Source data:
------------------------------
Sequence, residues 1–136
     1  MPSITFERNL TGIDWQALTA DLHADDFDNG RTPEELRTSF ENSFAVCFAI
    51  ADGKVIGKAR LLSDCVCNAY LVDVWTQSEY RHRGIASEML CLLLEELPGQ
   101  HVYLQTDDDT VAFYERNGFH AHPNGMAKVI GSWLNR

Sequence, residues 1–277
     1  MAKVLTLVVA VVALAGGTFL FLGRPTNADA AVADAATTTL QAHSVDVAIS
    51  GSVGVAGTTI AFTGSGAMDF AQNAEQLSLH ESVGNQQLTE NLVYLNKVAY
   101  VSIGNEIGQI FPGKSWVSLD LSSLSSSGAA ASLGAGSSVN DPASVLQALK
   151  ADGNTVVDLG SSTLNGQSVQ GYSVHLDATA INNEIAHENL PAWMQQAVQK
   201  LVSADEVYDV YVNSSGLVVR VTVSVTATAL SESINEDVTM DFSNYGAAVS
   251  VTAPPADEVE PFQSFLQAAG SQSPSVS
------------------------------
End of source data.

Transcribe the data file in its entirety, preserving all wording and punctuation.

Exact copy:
Sequence, residues 1–136
     1  MPSITFERNL TGIDWQALTA DLHADDFDNG RTPEELRTSF ENSFAVCFAI
    51  ADGKVIGKAR LLSDCVCNAY LVDVWTQSEY RHRGIASEML CLLLEELPGQ
   101  HVYLQTDDDT VAFYERNGFH AHPNGMAKVI GSWLNR

Sequence, residues 1–277
     1  MAKVLTLVVA VVALAGGTFL FLGRPTNADA AVADAATTTL QAHSVDVAIS
    51  GSVGVAGTTI AFTGSGAMDF AQNAEQLSLH ESVGNQQLTE NLVYLNKVAY
   101  VSIGNEIGQI FPGKSWVSLD LSSLSSSGAA ASLGAGSSVN DPASVLQALK
   151  ADGNTVVDLG SSTLNGQSVQ GYSVHLDATA INNEIAHENL PAWMQQAVQK
   201  LVSADEVYDV YVNSSGLVVR VTVSVTATAL SESINEDVTM DFSNYGAAVS
   251  VTAPPADEVE PFQSFLQAAG SQSPSVS